We know that Obama is going to be spending billions of dollars. This money needs to go to productive, tangible things that have lasting value. No more money for the banks, no more money for finance, which are non-productive sectors. Let the banks fail; let them file chapter 11 and then chapter 7. Good riddance to the parasites. We can't let our infrastructure fail however, nor our farms, nor our factories. These are essential to any economic survival.
Consumer spending is the key to our economy. Who the hell will buy the manufactured goods?

I'm not saying America shouldn't focus on revamping the manufacturing industries-look above. It just needs to be done in a smart, planned way. The auto industry must survive, no question about it, but they don't need more money from the government. The UAW and other unions must realize that they are far less necessary, and plays a much different role in the 21st century than they were when they started-the union system is incredibly antiquated.

While the stimulus already passed, and arguing it's contents is a moot point, IMO the most money should have gone to revamping the manufacturing industry (creating jobs), vastly improving public education (more educated population), and improving on infrastructure and public transit.
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Old 03-05-2009, 07:10 PM   #8
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Re: The current economy and the way the media portrays it

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Originally Posted by kennedy View Post
We should be manufacturing technology. We should have the smartest citizens in the world, and we should be manufacturing the highest quality, most cutting edge products on the planet. Be it our cars, our wind turbines and solar panels, our computers, our foods, our furniture, our clothing-everything. The label "Made in USA" should make people everywhere think of prosperity and power, the reason millions immigrated here in the first place.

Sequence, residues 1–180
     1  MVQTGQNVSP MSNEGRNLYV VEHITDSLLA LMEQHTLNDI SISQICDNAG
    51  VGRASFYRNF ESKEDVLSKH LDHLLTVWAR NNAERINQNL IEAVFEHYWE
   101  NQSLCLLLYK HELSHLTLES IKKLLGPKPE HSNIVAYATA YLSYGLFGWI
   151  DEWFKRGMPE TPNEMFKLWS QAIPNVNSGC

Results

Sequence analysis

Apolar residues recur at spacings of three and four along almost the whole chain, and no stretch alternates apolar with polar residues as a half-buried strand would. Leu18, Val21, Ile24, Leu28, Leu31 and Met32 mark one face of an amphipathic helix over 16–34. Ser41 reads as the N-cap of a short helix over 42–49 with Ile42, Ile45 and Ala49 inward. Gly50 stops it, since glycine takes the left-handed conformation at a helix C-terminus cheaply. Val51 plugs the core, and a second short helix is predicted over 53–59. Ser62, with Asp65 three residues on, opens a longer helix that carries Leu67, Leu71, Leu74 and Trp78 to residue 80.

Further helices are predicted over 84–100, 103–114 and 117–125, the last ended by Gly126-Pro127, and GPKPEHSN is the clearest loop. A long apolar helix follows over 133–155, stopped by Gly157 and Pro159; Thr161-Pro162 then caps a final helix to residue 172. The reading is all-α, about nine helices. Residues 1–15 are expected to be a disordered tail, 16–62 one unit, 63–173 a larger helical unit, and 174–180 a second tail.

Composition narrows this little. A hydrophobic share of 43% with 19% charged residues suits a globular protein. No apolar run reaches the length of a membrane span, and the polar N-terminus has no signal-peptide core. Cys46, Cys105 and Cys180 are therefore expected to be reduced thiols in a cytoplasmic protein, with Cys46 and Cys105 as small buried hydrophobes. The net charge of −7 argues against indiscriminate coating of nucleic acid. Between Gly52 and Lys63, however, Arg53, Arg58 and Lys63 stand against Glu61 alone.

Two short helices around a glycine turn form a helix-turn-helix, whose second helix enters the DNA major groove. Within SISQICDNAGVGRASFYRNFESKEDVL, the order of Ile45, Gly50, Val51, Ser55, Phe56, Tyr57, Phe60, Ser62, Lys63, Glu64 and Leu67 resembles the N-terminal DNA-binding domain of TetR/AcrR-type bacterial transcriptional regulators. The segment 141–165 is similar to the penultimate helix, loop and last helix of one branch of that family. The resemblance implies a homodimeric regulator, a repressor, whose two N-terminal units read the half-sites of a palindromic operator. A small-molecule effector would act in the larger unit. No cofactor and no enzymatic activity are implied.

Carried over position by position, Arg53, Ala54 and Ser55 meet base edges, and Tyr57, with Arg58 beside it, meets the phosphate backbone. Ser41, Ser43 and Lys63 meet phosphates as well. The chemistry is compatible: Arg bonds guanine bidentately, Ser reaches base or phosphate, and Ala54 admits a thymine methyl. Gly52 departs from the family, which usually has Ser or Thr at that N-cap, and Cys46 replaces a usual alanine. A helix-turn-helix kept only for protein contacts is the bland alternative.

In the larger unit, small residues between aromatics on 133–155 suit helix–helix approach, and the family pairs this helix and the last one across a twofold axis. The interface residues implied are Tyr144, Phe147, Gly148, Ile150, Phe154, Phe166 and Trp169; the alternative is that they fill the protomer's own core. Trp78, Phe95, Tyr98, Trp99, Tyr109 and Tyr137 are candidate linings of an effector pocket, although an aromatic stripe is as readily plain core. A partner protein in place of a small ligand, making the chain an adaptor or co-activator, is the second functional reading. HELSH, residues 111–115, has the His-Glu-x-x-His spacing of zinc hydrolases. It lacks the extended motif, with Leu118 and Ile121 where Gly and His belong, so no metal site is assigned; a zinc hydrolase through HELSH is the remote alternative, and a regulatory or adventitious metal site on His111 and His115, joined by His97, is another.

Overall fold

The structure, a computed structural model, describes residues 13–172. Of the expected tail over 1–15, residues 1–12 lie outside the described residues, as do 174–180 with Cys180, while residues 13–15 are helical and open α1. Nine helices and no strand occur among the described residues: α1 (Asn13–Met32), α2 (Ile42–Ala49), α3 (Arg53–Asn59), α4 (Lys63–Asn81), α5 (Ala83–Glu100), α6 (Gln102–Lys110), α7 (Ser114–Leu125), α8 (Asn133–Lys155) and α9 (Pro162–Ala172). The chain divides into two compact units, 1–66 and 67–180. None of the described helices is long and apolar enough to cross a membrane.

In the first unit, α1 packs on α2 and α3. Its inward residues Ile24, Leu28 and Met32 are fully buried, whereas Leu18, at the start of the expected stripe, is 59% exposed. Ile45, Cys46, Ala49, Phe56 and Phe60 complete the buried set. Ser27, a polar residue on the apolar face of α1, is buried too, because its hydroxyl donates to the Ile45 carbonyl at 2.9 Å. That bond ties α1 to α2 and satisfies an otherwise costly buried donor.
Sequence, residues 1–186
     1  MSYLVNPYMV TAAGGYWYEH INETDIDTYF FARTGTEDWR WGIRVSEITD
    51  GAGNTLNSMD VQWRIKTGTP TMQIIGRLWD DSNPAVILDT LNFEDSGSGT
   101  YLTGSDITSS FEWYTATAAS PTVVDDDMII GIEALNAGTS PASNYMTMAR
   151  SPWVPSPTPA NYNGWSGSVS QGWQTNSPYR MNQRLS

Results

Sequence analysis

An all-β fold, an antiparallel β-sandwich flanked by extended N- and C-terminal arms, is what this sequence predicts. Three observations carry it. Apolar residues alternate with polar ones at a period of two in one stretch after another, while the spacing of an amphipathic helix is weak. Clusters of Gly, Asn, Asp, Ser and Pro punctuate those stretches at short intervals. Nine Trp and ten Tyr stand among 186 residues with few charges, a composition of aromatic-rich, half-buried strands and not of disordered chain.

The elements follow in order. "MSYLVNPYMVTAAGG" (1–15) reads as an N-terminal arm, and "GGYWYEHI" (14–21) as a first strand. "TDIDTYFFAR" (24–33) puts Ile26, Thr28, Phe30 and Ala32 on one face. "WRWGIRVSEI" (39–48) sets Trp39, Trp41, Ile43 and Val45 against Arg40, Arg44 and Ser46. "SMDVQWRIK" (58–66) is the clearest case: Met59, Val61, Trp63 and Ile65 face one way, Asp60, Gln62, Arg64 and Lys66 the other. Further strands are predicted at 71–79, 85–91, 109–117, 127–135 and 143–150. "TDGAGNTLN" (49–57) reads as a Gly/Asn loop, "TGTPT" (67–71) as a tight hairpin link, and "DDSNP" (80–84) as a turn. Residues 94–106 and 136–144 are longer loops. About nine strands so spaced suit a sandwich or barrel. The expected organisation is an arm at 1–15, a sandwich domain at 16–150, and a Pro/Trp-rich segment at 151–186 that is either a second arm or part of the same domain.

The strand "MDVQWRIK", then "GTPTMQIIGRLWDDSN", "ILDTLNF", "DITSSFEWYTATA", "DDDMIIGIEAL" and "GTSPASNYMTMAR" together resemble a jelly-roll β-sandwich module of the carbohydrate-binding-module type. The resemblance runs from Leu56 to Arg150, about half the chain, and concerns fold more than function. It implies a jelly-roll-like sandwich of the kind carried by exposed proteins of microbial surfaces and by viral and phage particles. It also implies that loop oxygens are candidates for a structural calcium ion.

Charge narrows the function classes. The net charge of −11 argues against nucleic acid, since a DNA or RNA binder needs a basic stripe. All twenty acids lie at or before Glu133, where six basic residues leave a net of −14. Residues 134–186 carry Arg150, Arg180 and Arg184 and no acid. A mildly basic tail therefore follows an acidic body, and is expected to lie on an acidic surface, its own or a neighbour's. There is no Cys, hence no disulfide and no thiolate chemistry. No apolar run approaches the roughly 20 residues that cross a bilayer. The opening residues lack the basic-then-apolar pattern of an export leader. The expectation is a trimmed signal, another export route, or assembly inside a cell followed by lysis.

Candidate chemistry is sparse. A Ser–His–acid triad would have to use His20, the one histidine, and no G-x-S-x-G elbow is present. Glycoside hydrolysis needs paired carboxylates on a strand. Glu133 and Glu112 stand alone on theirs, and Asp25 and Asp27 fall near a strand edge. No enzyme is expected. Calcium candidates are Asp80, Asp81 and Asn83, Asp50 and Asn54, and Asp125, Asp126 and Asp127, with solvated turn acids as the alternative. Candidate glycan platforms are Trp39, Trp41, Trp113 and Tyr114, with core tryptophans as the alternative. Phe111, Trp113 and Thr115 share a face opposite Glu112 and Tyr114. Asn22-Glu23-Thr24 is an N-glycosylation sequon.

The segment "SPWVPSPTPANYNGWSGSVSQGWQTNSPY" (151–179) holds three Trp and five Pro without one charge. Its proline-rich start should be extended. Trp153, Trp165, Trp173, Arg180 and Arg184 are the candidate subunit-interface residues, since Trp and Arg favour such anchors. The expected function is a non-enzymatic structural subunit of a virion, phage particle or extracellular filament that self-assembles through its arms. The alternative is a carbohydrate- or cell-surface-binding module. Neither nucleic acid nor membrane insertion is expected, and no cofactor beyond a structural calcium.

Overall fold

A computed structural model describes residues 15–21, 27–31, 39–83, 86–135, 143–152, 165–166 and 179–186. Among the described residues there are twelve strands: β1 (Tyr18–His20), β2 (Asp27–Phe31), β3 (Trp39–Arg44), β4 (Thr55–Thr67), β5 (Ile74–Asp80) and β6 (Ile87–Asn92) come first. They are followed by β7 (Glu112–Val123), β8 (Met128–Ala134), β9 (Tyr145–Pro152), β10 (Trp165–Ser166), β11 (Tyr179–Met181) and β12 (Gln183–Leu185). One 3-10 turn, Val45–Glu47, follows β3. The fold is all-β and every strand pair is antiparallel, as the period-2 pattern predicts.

IMO, we need a manufacturing revolution.
That would be great, except that American-made goods cost a lot more to manufacture, due to environmental regulations, worker rights and a generation of worker expecting white collar jobs (or at least white collar pay & benefits)

Are you going to be willing to take a minimum wage job at a factory working 12 hours days, 6-7 days a week after you get out of college? Of course not and neither are your friends. But in India and China their are millions of folks who would jump at the chance.
So then you get into protectionism, a really, really bad idea in a global economy (and this from a Union guy).

So how do you make American-made products at a competitive price in a global economy?
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Old 03-05-2009, 07:43 PM   #9
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Re: The current economy and the way the media portrays it